Colonial America’s Literary Beginnings
- William Bradford, Of Plymouth Plantation (excerpts)
- Thomas Morton, New English Canaan (excerpts)
- John Winthrop, “A Model of Christian Charity”
- Roger Williams, A Key into the Language of America (excerpts); “Letter to the Town of Providence,” and “The Bloody Tenet of Persecution”
- Anne Bradstreet, poetry
We often think of literature as a piece of fiction, or perhaps as a short story, or poem, or play. While there is some of that in early American literature, much of what you will find during this “beginning” period includes sermons, journal accounts, and travel narratives. At times, you may feel like you are taking a course in history or religion. You may wonder whether the early American settlers had any actual “stories” to speak of, or whether they wrote anything beyond religious tracts or nonfiction (they did—and you’ll read some of that, too). It’s also important to remember that although this section focuses on literary beginnings of Colonial America, that doesn’t mean these were the very first texts ever produced in the Americas. As you’ll see in the section on “Native American Contact Zones,” (oral) creation texts have a long history that predates European colonial settlement.
Much of the writing produced in the American colonies during this early period is focused on how to navigate the “New World.” It makes sense when you think about it, since they have embarked on a journey to what truly is a “new world” for them. Conditions are much more challenging than they initially anticipated: people are starving, illness is rampant, personality conflicts abound. As a result, their literature is often aimed at figuring out:
- How to manage with limited resources,
- How to deal with the Natives Americans they encounter, and
- How to establish rules and maintain order within their small communities
Most of the literature we’ll encounter in this section grapples with all of these challenges. And while they may not seem very literary at times, they are—and it’s our job to figure out what these texts mean and how they mean these things. For example, when we are reading what appears to be a historical text, we should think about how the text is constructed. This includes asking questions about which events the authors are focusing on, as well as how they are situating themselves and establishing their credibility in their writing.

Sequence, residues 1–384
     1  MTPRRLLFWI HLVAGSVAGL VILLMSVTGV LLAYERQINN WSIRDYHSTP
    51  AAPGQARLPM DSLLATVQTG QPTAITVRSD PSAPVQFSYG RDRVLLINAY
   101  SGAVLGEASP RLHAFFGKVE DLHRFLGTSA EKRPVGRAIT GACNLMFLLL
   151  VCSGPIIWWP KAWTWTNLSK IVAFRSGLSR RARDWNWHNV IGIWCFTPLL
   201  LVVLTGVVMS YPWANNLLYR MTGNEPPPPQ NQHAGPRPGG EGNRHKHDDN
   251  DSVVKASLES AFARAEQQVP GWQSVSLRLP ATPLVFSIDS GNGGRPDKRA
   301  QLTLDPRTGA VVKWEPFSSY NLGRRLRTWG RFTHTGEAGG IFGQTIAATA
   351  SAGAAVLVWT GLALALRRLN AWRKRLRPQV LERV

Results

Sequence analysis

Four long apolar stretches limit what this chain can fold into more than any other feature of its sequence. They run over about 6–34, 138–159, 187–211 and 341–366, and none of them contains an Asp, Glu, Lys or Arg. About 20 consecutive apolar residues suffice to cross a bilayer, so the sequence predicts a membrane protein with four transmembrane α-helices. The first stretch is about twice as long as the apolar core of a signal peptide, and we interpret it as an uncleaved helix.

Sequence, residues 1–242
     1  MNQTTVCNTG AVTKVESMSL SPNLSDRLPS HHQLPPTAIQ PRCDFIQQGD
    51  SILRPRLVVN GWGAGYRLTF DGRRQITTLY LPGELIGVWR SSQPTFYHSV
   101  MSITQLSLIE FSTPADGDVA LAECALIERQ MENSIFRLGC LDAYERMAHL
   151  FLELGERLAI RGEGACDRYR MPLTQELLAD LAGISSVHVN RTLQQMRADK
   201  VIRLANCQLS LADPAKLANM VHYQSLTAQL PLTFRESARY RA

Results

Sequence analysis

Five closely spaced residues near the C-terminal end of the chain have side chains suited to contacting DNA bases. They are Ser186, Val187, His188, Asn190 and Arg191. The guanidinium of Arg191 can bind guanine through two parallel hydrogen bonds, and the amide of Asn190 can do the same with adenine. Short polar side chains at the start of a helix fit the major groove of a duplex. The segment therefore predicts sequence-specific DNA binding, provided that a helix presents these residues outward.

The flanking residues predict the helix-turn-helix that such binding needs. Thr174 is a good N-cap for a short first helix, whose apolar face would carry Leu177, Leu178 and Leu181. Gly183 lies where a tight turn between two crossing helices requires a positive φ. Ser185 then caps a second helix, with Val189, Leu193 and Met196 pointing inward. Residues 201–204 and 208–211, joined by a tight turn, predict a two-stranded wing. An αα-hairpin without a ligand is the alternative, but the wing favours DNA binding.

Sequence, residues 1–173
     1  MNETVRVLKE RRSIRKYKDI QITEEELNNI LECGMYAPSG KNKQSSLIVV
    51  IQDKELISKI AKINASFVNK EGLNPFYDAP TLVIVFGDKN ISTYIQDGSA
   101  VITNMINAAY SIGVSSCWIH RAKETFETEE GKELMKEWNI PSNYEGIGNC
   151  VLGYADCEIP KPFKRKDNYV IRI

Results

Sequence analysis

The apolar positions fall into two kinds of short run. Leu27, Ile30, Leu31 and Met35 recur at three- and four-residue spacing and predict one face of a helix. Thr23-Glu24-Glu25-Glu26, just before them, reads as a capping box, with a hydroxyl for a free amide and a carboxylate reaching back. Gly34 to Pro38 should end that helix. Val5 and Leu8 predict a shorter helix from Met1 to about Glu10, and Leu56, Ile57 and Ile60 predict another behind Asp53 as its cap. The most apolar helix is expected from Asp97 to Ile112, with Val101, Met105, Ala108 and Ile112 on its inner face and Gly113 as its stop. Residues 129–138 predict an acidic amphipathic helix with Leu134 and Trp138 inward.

Several of these texts are authored by Puritan writers, so it will be important for you to understand some of the basic tenets of Puritan ideology. The Puritans employed “typology,” the practice of using the Bible to understand events in their daily lives; they believed they were re-living Biblical scripture, and they interpreted their lives through this lens. They also viewed themselves as the New Israelites on an “errand in the wilderness.” They believed in predestination, and that the “elect” would be saved through God’s “covenant of grace.” A person could not know whether they were chosen or not, and this made the practice of typology especially important; they were looking for signs to help them know if they would be saved. Texts like John Winthrop’s sermon “A Model of Christian Charity,” William Bradford’s Of Plymouth Plantation, Anne Bradstreet’s poetry, and Mary Rowlandson’s captivity narrative address many of these ideas more fully while also showing us what life was like for Puritan men and women during this period. (See Annenberg Learner’s Glossary for more information on some of the terms discussed in this paragraph.)
However, it’s also important for you to know that Puritanism was not the only religious faith in existence at that time, and that not all Puritans agreed on what it meant to be a “good” Puritan. Our ideas about the separation of church and state were just beginning to emerge during this period, and this, too, is at the heart of at least one of the conflicts you’ll be reading about. These writers knew each other, and in many cases, the texts you’ll encounter here are a window into the religious and political disagreements they had with one another.
The “Utopian Promises” video by Annenberg Learner will help you to understand more of the basic tenets of Puritanism, Quakerism, and the challenges that the colonists faced. As you watch the video and read these texts, it may help you to keep the following questions in mind:
- In what ways do these writers seem to be speaking to one another—either directly or indirectly?
- How are these writers constructing images of themselves?
- What seem to be the chief concerns of each of these writers? How are they presenting these concerns? In what ways do they suggest solutions for the problems they’ve identified?
- The term “American” was not in use when these authors wrote, but today, we see them as early American figures. As you read, think about how each writer is constructing an “American” identity. If we could create a picture out of each of their texts, what would these “American” figures look like? How might each of them describe the “ideal” American?